The place is Dublin in 1967, and the heroine is a good-natured widow striving to raise her seven young children, fend off a loan shark who's wormed his way into her life, and test the waters of romance with a French baker who appears to be casting an eye her way. The material is familiar and the ending is corny, but Huston's acting and directing keep the comedy-drama likable if not very imaginative.

Hanging Up (PG-13) ** Director: Diane Keaton. With Diane Keaton, Meg Ryan, Lisa Kudrow, Walter Matthau, Adam Arkin. (92 min.)

Three sisters cope with the declining mental state of their elderly father, trying to help him but finding that their own busy lives - and complex relationships with each other - interfere with their good intentions. There's lots of lively acting, but Keaton doesn't have quite enough filmmaking savvy to balance the story's heart-wrenching and smile-coaxing aspects. **1/2 Tiresome, dark comedy, some good laughs, not memorable.

Sex/Nudity: 1 brief, suggestive scene. Violence: None. Profanity: 31 expressions, mostly mild. Drugs: 8 scenes with alcohol.

The Next Best Thing (PG-13) * Director: John Schlesinger. With Madonna, Rupert Everett, Benjamin Bratt, Illeana Douglas, Josef Sommer. (107 min.)

Madonna plays a not-quite-young woman who's afraid family life will pass her by if she doesn't have a child soon, then discovers she's pregnant after a one-night fling with her best friend, a gay man who finds fatherhood quite agreeable once the little boy is born. The movie has a well-meaning message about love and loyalty being the bedrock of real family values, but its good intentions sag as the story trades its air of mischievous comedy for trite sentimentality, arbitrary plot twists, and enough maudlin melodramatics to sustain a tabloid TV series. *1/2 Lacks focus, disappointing, poor story line.

Sex/Nudity: 2 scenes with nudity, 1 of implied sex, some instances of sex-related dialogue. Violence: None. Profanity: 22 expressions, mostly mild. Drugs: 6 scenes with alcohol, 4 with smoking.

Reindeer Games (R) ** Director: John Frankenheimer. With Ben Affleck, Charlize Theron, Gary Sinise, Clarence Williams III. (104 min.)

Affleck plays a freshly released jailbird who's determined to go straight until he meets the girlfriend of a former cellmate - and her psychopathic brother, who's planning a robbery that won't succeed unless his reluctant new acquaintance gets involved. The wildly implausible story twists every expectation into the shape of a particularly gnarled reindeer horn, but what you'll remember most vividly is the sadistic violence that breaks out almost every time Sinise's evil character enters a scene. A director of Frankenheimer's stature deserves less-sensationalistic material, and so does his audience. *1/2 Mindlessly violent, passes the time, mean, despicable characters.

Sex/Nudity: 2 sex scenes with nudity, somewhat graphic. Violence: 27 scenes, many graphic. Profanity: 79 expressions, mostly harsh. Drugs: 7 scenes with alcohol, 6 with smoking.

What Planet Are You From? (R) ** Director: Mike Nichols. With Garry Shandling, Annette Bening, John Goodman, Ben Kingsley. (100 min.)

Lightweight farce about an alien who arrives on Earth to get a woman pregnant so his all-male race can spread to this corner of the galaxy. The lively cast and occasionally bright dialogue can't overcome the movie's large doses of vulgar silliness. Goodman's comic delivery gets maximum mileage from a few amusing situations, though.

Sex/Nudity: 2 scenes of implied sex, 3 with nudity, 17 instances of innuendo. Violence: 3 scenes, including a gunshot. Profanity: 68 expressions, some harsh. Drugs: 3 scenes with drinking, 3 with smoking, 1 with both.

The Whole Nine Yards (R) ** Director: Jonathan Lynn. With Bruce Willis, Matthew Perry, Rosanna Arquette, Michael Clarke Duncan, Amanda Peet. (97 min.)

Perry plays a mild-mannered dentist whose marriage is so miserable that he welcomes the distraction when a notorious killer (Willis) moves in next door and strikes up a neighborly friendship with him. But things get complicated when various others - murderers, cops, and our hero's ill-tempered wife - barge into their relationship with different agendas. The story is amusing when the stars deadpan their way through the early scenes, and Peet is terrific as a psychopathic dental assistant. But the picture runs out of good ideas long before it's over, falling below "Prizzi's Honor" and "The Freshman" in the dubious genre of contract-killer comedies. **1/2 Funny tale, unexpected twists, well-done hamming by actors, hollow.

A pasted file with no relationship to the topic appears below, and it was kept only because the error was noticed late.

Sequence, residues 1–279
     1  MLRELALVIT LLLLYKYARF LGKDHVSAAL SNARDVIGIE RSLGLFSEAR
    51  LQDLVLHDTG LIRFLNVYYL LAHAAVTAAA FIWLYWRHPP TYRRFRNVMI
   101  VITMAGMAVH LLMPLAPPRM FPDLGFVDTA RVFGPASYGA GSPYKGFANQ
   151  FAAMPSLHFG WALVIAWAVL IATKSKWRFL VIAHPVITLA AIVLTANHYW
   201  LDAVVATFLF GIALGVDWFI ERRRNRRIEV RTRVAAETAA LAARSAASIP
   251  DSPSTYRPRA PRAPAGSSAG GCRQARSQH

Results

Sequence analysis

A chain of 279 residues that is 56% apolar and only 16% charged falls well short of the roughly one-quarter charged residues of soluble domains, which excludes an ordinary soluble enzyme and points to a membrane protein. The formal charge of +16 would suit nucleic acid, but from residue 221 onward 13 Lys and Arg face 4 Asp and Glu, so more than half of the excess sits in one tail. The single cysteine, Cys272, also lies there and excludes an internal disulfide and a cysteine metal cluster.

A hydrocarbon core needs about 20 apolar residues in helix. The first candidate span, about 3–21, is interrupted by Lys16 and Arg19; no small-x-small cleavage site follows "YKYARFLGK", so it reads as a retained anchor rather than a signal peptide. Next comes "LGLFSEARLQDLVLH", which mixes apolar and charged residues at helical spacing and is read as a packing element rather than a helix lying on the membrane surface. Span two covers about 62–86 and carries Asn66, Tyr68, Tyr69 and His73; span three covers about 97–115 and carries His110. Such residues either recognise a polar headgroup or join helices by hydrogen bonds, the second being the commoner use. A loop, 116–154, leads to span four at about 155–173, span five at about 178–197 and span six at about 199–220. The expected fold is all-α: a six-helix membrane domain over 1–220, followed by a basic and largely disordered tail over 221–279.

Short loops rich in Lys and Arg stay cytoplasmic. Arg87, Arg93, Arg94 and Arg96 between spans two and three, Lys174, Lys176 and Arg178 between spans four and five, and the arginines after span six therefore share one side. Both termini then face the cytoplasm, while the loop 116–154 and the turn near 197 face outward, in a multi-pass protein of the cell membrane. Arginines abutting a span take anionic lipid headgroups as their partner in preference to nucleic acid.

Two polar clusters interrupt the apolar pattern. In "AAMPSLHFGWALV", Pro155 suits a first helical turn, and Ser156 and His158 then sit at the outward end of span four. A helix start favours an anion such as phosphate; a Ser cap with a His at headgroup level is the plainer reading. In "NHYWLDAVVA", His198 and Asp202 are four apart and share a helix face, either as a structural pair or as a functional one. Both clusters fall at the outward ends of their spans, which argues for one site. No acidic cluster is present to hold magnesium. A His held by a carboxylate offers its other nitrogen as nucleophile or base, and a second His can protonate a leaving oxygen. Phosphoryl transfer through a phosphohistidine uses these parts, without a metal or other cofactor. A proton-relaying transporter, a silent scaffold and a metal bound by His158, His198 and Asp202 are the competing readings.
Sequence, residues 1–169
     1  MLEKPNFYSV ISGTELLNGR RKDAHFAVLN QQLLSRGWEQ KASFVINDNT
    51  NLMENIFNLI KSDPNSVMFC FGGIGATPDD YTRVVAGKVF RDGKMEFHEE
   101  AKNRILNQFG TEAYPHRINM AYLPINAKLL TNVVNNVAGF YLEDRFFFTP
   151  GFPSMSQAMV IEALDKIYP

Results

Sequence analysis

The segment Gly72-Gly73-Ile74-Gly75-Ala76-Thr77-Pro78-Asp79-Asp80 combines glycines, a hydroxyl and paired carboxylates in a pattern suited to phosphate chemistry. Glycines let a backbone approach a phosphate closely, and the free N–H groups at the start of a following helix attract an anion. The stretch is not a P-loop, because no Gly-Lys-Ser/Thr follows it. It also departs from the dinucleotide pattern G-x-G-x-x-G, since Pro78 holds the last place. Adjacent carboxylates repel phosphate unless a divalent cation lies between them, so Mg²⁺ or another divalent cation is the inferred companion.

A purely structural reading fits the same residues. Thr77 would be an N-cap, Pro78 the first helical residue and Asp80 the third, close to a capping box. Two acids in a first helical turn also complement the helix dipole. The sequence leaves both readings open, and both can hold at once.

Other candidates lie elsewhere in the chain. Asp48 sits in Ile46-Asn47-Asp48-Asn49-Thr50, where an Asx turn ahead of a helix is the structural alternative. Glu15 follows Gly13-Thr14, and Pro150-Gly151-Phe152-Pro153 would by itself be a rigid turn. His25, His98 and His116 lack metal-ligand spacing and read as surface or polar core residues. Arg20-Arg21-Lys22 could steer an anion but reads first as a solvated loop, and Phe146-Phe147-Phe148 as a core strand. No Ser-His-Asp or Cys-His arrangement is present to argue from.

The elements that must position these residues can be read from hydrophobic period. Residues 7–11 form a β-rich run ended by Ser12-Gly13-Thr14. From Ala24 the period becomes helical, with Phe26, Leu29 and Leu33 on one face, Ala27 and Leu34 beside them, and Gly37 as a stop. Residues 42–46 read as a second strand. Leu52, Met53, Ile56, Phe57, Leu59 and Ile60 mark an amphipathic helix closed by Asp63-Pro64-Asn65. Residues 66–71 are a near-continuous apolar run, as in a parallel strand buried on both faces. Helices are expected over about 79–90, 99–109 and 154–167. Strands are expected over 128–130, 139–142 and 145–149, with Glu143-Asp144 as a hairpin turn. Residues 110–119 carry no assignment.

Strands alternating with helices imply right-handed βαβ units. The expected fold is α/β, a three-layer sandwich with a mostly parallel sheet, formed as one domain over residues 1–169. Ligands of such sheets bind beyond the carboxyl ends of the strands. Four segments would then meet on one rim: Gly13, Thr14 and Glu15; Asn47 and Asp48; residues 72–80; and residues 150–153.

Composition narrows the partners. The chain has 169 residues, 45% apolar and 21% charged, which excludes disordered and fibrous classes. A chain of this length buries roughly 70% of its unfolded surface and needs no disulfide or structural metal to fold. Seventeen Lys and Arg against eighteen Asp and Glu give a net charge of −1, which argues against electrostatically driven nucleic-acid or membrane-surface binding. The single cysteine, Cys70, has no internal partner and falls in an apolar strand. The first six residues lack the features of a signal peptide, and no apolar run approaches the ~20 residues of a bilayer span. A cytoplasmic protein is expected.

Sex/Nudity: 7 scenes with sex and/or nudity; 1 suggestive scene; 1 instance of innuendo. Violence: 6 scenes with violence, including punching and shooting. Profanity: 27 expressions, mostly mild. Drugs: 9 scenes with alcohol, 5 with smoking, 3 with both.

Wonder Boys (R) ** Director: Curtis Hanson. With Michael Douglas, Tobey Maguire. (112 min.)

Douglas and Maguire play writers at opposite ends of their careers. Both are apprehensive about what will happen when (and if) they finish the books they're working on. Douglas gives a nicely relaxed performance as the world-weary professor, but Maguire delves into a too-familiar bag of tricks that grows tiring after the first few scenes. While the story takes some clever turns, its psychology is far from convincing and its momentum flags long before the end. **1/2 Drug-hazed, wicked and wacky, good acting, somewhat a downer.

Sex/Nudity: Implied adultery, 2 instances of implied sex. Violence: 3 scenes with violence, including a gun threat. Profanity: 31 expressions, mostly mild. Drugs: 17 scenes with alcohol, smoking, and/or marijuana.


In stores March 14

The Bone Collector (R) ** Director: Phillip Noyce. With Denzel Washington, Angelina Jolie, Queen Latifah. (118 min.)

From his electronically enhanced apartment, a paralyzed policeman guides a talented young colleague through a dangerous hunt for a sadistic serial killer. **1/2 Explicitly graphic, ruthless, entertaining but nothing spectacular, clich.

Drive Me Crazy (PG-13) ** Director: John Schultz. With Melissa Joan Hart, Adrian Grenier, Stephen Collins. (103 min.)

High-schoolers Nicole and Chase pretend they're dating to make their dream mates jealous. This movie is cute, and will appeal to the teen set.

By Lisa Leigh Parney ** Good-natured, fresh performers, somewhat scattered.

Guinevere (Not rated) * Director: Audrey Wells. With Sarah Polley, Stephen Rea, Gina Gershon. (104 min.)

Just when she's supposed to head for college, a talented but insecure young woman falls in love with a much older photographer.

Outside Providence (R) ** Director: Michael Corrente. With Shawn Hatosy, Alec Baldwin, Amy Smart. (95 min.)

A working-class father packs his trouble-making son off to a prep school, where the well-heeled students show instant contempt for his blue-collar background. ** Predictably funny, sometimes entertaining, dazed 1970s atmosphere.

(c) Copyright 2000. The Christian Science Publishing Society